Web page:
How To Divide Common-Law Property
Dividing Common-Law Property – What Is Fair?
Unlike persons divorcing after a marriage, individuals in a common-law relationship are not presumed to have any right to claim their partner’s property. Common-law property is divided according to the legal principles of constructive trust and unjust enrichment.
You must first establish that you were living in a common-law relationship. Legally, common-law partners are known as an Adult Interdependent Partners according to the Adult Interdependent Relationships Act of Alberta.
You must be able to show that you were in a relationship of interdependence” meaning a relationship outside marriage in which any 2 persons share one another’s lives, are emotionally committed to one another, and function as an economic and domestic unit. The existence of a common-law relationship is highly dependent on the context of the circumstances and nature of the interactions between two non-married persons.
If you are legally considered common-law partners (or Adult Interdependent Partners), one of the partners may be entitled to a remedy based on unjust enrichment if he or she can establish the three elements of an unjust enrichment: an enrichment, a corresponding deprivation, and the absence of a juristic reason for the enrichment.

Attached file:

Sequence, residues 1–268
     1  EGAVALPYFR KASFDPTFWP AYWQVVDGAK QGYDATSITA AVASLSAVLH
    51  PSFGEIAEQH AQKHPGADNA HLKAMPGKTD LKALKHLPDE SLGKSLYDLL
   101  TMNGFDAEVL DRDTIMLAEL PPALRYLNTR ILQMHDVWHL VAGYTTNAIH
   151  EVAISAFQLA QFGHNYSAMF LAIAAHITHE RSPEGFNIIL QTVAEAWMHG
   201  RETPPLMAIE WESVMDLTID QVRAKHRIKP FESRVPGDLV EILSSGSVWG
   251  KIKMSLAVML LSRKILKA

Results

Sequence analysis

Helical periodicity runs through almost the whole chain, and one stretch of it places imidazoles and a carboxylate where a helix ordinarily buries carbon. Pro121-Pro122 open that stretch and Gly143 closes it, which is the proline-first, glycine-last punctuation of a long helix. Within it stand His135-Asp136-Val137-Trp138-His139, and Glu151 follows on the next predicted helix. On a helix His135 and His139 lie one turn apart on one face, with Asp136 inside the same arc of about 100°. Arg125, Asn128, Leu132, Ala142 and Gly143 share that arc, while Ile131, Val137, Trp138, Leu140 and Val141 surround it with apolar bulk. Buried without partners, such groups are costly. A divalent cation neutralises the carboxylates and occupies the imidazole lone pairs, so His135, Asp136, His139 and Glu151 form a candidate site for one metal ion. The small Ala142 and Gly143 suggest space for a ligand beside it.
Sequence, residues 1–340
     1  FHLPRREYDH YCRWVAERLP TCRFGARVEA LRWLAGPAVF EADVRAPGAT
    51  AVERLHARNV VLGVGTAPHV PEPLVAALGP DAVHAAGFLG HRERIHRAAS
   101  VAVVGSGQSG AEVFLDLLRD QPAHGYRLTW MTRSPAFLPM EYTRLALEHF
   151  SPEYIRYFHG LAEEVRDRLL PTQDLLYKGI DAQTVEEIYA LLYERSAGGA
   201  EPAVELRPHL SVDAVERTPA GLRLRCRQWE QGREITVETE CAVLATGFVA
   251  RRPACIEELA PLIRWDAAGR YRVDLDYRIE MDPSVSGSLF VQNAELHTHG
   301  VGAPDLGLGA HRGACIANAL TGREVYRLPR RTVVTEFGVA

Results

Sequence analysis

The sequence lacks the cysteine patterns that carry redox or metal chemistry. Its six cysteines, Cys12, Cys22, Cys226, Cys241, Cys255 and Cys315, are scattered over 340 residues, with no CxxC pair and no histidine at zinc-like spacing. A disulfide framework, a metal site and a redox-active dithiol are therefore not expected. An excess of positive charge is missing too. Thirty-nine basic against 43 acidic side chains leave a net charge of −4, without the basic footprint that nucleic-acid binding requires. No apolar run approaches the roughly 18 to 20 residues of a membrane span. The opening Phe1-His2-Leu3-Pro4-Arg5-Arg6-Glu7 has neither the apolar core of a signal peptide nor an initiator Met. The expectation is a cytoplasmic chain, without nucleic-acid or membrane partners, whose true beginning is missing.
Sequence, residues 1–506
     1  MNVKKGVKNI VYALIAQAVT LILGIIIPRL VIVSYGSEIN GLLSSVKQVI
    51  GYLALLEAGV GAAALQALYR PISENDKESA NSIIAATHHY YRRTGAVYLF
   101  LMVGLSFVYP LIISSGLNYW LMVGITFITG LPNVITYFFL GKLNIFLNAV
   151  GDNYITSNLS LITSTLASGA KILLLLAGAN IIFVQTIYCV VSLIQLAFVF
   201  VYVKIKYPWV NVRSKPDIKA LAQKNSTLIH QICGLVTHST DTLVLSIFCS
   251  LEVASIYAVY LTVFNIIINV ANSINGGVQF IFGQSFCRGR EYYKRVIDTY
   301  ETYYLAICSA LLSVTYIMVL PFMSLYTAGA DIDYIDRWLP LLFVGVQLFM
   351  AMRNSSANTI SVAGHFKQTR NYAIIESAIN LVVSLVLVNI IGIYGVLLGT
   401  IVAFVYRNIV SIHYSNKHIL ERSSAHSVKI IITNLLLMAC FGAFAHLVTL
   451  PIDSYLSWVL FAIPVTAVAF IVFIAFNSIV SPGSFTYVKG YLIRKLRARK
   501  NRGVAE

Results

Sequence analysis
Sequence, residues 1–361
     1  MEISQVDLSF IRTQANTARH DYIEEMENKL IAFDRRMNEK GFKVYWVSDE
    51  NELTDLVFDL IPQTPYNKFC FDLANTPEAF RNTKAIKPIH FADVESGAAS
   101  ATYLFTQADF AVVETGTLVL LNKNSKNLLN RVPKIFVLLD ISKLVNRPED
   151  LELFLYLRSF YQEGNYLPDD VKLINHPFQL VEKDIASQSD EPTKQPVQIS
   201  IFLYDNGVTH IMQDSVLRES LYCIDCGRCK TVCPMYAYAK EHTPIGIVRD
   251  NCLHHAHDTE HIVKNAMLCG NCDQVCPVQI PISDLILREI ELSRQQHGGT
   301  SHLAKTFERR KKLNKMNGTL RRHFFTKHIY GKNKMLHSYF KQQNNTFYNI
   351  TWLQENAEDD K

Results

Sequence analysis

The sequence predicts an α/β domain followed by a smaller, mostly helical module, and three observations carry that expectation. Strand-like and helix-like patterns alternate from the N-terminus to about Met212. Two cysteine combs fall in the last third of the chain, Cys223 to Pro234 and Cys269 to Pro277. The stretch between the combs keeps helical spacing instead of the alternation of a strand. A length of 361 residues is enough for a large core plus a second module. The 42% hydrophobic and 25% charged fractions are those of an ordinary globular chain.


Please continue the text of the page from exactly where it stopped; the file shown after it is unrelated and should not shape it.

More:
There are many court cases that have dealt with this topic, and Darin can help you understand how the cases and the law apply to your unique situation. Ultimately, the test is one of fairness – has one partner benefitted from the other without reason?
The Supreme Court of Canada has said that childcare and housekeeping are valuable benefits that can be compensated for after separation Peter v. Beblow, 1993 CanLII 126 (SCC).
When two people live together as a common-law couple and each contributes goods, services or money to the relationship, it must be determined who has contributed more. If one person contributes more, they should be compensated.
However, when a couple live together for some time, it is natural that one will provide some goods, services or money, and the other will provide other goods, services or money. One may shovel the walks and another wash the dishes. One may raise the children and administer the home and family, the other earn money. If their contributions are about even, no one is hurt and there is nothing to remedy. In principle, there is no unjust enrichment. Kazmierczak v. Kazmierczak, 2003 ABCA 227 (CanLII).
This is a complicated area of law that can be made much easier and less stressful with the help of a lawyer who can advise you on your unique situation.
Contact Darin O Wight Law Office in Medicine Hat, AB for more information.